Jessica Cejnar / Friday, Jan. 31 @ 6:08 p.m. / Elections
(Updated) As She Seeks Re-election, Supervisor Cowan Says She Built Partnerships, Relationships To Advocate For Del Norte
Lori Cowan is the first to admit she doesn’t know “everything about everything.” But, she says, she knows where to seek answers.
The incumbent in the race to represent District 2 on the Del Norte County Board of Supervisors says her ability to foster partnerships and relationships on the local, state and national level has led to a myriad of positives during her term. In a conversation with the Wild Rivers Outpost and Paul Critz, of KFUG Community Radio, Cowan said Friday she’s seeking re-election this year to continue to advocate for Del Norte County.
“We always have challenges,” she said. “I just learned not to worry about them so much. The great successes are the good things that need to keep going.”
Cowan looks to serve a second term as Del Norte County District 2 supervisor, which encompasses portions of Crescent City along Pebble Beach Drive including the Del Norte County Airport and along the northern side of Washington Boulevard. She is competing with challengers Valerie Starkey and James Ramsey.
The race for District 2 supervisor is one of three Del Norte County supervisor races being held for California’s March 3 primary. The other two races are for districts 1 and 5.
Elected in 2016, Cowan told the Outpost and KFUG that she sought a position on the county board because of her kids.
During her first term, Cowan, like most of her colleagues, said she has been trying to speed-up the process of finding an alternate route around Last Chance Grade— the slide-prone area of U.S. 101 south of Crescent City.
Homelessness has become a multi-faceted conversation during Cowan’s term starting from 2016 when she began talking with State Sen. Mike McGuire about the No Place Like Home program, which seeks to house the chronically homeless and mentally ill. Cowan said she’s now working with a new nonprofit to turn an emergency part-time shelter into a 24-hour rescue mission.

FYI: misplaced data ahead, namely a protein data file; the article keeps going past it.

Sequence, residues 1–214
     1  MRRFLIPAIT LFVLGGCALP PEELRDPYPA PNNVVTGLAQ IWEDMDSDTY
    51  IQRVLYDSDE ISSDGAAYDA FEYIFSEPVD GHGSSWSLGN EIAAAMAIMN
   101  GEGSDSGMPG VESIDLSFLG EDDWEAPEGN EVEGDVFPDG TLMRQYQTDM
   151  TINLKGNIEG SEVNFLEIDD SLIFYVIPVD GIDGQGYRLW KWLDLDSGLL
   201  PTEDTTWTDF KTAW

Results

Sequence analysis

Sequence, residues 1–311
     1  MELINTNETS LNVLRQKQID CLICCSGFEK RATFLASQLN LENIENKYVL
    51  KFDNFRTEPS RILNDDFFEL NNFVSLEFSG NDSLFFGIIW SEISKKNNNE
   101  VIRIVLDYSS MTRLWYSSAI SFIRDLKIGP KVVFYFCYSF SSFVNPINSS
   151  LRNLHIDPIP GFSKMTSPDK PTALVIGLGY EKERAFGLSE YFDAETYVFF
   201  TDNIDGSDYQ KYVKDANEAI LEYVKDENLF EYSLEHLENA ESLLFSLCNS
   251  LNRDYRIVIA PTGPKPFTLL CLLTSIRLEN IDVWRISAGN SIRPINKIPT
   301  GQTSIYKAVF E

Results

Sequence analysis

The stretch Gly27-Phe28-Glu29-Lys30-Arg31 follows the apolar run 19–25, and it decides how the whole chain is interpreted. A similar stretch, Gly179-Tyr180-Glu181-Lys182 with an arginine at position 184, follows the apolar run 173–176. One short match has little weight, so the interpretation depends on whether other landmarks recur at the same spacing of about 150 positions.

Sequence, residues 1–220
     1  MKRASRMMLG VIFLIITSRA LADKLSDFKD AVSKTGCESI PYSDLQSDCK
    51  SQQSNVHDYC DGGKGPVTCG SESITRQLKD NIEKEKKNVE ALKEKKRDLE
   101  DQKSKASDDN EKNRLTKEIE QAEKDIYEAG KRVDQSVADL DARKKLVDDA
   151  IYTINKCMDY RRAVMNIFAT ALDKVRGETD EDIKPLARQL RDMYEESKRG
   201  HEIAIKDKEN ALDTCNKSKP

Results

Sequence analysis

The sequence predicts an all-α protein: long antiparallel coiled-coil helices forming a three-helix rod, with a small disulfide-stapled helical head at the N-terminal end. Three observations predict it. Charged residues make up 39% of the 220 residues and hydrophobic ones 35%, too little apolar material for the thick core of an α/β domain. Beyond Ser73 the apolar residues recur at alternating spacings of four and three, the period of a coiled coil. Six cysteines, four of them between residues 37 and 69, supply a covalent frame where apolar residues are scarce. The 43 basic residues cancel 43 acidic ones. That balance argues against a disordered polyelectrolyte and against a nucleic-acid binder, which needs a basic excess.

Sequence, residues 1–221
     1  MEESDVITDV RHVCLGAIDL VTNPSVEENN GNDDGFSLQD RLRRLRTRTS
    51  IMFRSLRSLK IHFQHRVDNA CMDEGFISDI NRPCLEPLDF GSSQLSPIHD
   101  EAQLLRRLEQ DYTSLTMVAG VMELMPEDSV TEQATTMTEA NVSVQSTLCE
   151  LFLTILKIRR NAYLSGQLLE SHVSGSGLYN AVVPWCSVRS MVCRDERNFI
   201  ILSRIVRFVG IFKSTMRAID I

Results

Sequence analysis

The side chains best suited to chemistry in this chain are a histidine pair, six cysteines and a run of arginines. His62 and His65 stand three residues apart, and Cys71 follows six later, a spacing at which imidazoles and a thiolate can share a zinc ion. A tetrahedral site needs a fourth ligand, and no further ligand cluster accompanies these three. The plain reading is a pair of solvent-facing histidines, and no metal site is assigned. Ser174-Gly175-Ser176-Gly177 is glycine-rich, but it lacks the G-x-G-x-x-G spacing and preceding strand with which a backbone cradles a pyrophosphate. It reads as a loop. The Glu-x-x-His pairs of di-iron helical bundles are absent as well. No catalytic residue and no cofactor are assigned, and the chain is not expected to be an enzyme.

During her first term, Cowan has also been part of the sister city relationship blossoming between Rikuzentakata, Japan, and Del Norte County. She’s not the only elected official to be part of that story, but, she says, she was on the Del Norte County Unified School District Board of Trustees when Kamome, the fishing vessel that belonged to Takata High School, washed ashore two years after the 2011 Tohoku earthquake and tsunami.
“When that boat came up, I remember the phone call from Recology and I remember having the very first meeting with Amya (Miller) and the first time the sister city was brought up,” Cowan said, referring Amya Miller, who was special advisor to the mayor of Rikuzentakata. “I was kind of in on it early on. It’s a great relationship.”
Since being elected to the Board of Supervisors, other significant discussions Cowan has been part of also include efforts to create a commercial cannabis ordinance and build a registered nursing program between College of the Redwoods and Sutter Coast Hospital.
CR’s RN program welcomed its first students last week, Cowan said.
When she arrived at KFUG studios on Friday ready to chat, Cowan said she was coming from a meeting discussing homelessness.
Though it wasn’t on her radar when she was campaigning for her first term four years ago, Cowan said the issue takes up much of her time. Especially since she’s been working with Daphne Lambert, of Del Norte Mission Possible, a new nonprofit that seeks to transform Our Daily Bread Ministries from a part-time emergency shelter to a full-time rescue mission.
“I was brought in early on just to be the liaison (between) what the county needs as far as that building being up to code,” Cowan said, referring to Our Daily Bread’s building at 1135 Harrold Street in Crescent City. “But other things are happening. We now have Health and Human Services in there and Alcohol and Other Drugs twice a week. There are things like lockers over there that were surplus. We’ve been doing all these little things as we’re working toward bigger things.”
Cowan said she became involved in addressing homelessness in 2016 through California’s new No Place Like Home program. The program provides loans for brick and mortar facilities that provide permanent supportive housing for the chronically homeless and mentally ill. Wraparound services would also be involved in such a facility, Cowan said.
Using a $75,000 No Place Like Home technical grant, the county hired Housing Tools, a Chico-based consulting firm, to determine what model might work for Del Norte County. Last year, Toni Self, administrative analyst for the county, presented the consultant’s report, which concluded that a coalition of community members should determine what model would work for the community.